Wednesday, March 30, 2011

25 Records That Mean Something To Me, #2

It's hard to talk about Frank Zappa and just mention one specific album. In fact, when I initially conceived of this series of blog entries (of which I've managed to complete a whopping ONE so far), I'm sure I had a different Zappa album in mind than the one I'm about to talk about. But I pulled this disc out earlier today when I was picking out music for K.C. and I to clean the house to, and realized that somewhere, at some point, I obtained a new copy of it and replaced the original CD copy I had gotten 15 years ago. I was pleased to discover this; it meant that I didn't have to worry about the disc wearing out any time soon. My other copy had been worn slick, as I recall. It was scratched up pretty bad, especially for a CD in MY collection (I tend to be pretty protective of my discs...I had taken this record on so many road trips, placed it and removed it from so many CD wallets, that it finally started to look pretty rough). Anyway, all of this to say that I realized THE GRAND WAZOO is a record that means something to me, for sure.

THE GRAND WAZOO is the second of two albums Zappa released in the early seventies that highlighted his particular take on what might be called a jazz-rock fusion (the first being WAKA/JAWAKA) extension of the HOT RATS concept, but in a larger ensemble context. These are almost Zappa's "big band" albums; when given the opportunity to record with a rhythm section including guitars, keys, bass & drums augmented by a full brass and woodwind section, these two albums were what came out. There is a jazz structure (or some version thereof) to many of the tunes here. Some sort of theme, head, or main melody (or several) occur, then a series of solos by different members of the ensemble, and then a return to the theme(s) at the end of the piece. That is probably an oversimplification, but it gives at least a little bit of context for those who might not have heard this record.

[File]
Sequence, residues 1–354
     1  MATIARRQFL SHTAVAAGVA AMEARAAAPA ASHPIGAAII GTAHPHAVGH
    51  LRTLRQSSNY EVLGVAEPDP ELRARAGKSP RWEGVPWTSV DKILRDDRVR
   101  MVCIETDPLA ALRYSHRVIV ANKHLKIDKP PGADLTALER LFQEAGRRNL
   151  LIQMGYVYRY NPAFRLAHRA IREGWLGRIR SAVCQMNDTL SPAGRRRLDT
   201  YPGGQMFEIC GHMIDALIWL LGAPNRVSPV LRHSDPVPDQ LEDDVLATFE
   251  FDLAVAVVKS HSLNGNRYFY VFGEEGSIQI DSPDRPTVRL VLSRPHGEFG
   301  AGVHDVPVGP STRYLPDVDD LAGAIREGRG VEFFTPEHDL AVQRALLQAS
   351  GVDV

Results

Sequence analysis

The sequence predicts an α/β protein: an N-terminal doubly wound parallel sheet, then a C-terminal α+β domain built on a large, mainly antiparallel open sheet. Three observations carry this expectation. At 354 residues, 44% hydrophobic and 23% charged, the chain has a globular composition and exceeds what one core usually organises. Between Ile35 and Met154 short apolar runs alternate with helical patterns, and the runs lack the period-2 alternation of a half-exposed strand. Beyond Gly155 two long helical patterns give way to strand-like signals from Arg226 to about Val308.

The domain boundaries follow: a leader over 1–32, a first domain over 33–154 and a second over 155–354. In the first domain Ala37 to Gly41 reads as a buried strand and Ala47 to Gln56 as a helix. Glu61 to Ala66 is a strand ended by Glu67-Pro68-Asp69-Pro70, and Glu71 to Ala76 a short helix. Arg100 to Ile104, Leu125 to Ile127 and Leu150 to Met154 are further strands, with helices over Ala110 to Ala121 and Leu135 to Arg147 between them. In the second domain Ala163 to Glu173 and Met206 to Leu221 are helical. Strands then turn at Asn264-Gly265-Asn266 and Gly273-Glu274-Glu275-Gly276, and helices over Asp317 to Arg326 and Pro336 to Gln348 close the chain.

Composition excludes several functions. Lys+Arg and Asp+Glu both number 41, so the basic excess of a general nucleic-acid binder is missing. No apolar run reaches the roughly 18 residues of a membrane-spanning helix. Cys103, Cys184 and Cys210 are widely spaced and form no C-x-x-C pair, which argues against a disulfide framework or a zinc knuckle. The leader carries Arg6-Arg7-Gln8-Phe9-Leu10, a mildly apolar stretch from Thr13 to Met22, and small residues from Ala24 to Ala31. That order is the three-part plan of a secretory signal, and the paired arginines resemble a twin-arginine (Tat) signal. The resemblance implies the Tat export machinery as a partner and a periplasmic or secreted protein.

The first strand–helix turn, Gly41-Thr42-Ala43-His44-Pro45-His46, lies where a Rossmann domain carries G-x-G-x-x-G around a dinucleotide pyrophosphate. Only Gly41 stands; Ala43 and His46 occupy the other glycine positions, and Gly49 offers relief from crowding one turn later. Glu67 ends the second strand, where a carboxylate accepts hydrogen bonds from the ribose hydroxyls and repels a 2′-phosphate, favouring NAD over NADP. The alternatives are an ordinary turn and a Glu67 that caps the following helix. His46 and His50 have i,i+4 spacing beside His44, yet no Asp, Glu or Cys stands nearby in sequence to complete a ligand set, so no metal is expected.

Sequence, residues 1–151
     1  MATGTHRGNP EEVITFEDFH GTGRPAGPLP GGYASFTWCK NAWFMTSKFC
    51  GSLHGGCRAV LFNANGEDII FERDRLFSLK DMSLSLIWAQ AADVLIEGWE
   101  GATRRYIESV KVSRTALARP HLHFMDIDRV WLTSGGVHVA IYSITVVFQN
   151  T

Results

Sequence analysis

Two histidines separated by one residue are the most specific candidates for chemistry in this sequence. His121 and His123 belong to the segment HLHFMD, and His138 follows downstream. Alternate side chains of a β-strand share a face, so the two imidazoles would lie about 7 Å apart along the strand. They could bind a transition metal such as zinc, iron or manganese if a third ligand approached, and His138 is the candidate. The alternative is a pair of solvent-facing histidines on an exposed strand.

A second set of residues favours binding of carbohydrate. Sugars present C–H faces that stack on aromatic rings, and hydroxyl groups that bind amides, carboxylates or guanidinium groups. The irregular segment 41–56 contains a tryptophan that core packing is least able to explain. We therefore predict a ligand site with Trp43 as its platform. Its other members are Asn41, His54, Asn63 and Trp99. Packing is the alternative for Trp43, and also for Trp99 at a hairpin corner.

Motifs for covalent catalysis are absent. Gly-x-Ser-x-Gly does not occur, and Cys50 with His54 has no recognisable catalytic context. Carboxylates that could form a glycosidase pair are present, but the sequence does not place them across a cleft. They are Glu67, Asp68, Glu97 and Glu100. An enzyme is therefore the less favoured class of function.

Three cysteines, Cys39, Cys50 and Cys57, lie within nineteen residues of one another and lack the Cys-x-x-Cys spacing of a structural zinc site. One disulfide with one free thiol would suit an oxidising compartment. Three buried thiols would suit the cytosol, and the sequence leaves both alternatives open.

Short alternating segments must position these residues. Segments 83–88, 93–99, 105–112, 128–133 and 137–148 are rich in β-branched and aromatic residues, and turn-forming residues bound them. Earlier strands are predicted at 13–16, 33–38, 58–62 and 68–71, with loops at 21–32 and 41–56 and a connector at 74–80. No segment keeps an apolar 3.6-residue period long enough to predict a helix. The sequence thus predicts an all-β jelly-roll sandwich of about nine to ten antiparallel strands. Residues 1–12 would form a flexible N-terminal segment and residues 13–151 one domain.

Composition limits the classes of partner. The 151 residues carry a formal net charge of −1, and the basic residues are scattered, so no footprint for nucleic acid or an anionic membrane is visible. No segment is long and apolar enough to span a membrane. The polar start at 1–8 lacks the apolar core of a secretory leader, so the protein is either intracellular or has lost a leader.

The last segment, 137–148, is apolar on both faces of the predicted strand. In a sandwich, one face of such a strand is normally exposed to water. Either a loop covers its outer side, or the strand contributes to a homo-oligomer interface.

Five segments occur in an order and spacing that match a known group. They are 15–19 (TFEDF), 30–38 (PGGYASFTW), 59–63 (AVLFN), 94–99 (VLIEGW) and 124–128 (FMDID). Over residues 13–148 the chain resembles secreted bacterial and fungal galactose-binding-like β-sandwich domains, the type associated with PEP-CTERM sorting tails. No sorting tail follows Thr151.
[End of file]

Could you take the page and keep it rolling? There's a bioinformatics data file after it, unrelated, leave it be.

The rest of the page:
It's an album that is complex without being difficult, serious without being dreary, goofy without being childish, and beautiful (gorgeous, even) without being saccharine, even for a moment. The finest example of all these attributes, I think, is the final track, "Blessed Relief" (I personally hear the first word there as "bles-sed", two syllables, not one). It's a elegant, slow piece, with a sort of lilting melody at the beginning that gives way to a gorgeous, open section with great electric piano arpeggios. Then come the solos, which are fantastic. In my first post in this series I talked a great deal about atmosphere...this particular track has atmosphere to spare. It's a fairly unique track in Zappa's oeuvre; there's really not another quite like it.

As unique as it is, the song and the album still very much bear Zappa's image, sound, and vibe...but perhaps in such a way that a certain grace is present that isn't always found in some of his other work. Highly recommended, highly regarded.

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